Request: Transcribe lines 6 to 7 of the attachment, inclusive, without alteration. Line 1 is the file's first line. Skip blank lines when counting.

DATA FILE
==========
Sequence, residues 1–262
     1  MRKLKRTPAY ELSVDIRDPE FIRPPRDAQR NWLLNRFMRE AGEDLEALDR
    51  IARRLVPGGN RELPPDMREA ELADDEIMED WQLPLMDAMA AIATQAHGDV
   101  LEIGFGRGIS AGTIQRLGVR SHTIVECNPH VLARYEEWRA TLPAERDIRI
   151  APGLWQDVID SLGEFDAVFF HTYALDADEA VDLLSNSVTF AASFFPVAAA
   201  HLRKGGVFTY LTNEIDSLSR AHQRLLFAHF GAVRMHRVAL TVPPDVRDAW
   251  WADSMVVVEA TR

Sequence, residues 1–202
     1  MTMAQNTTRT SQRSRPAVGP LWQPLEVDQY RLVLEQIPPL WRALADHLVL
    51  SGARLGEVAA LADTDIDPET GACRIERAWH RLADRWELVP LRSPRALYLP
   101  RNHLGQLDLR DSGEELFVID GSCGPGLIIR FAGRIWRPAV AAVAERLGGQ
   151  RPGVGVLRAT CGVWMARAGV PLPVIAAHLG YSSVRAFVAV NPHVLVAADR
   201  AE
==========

   201  HLRKGGVFTY LTNEIDSLSR AHQRLLFAHF GAVRMHRVAL TVPPDVRDAW
   251  WADSMVVVEA TR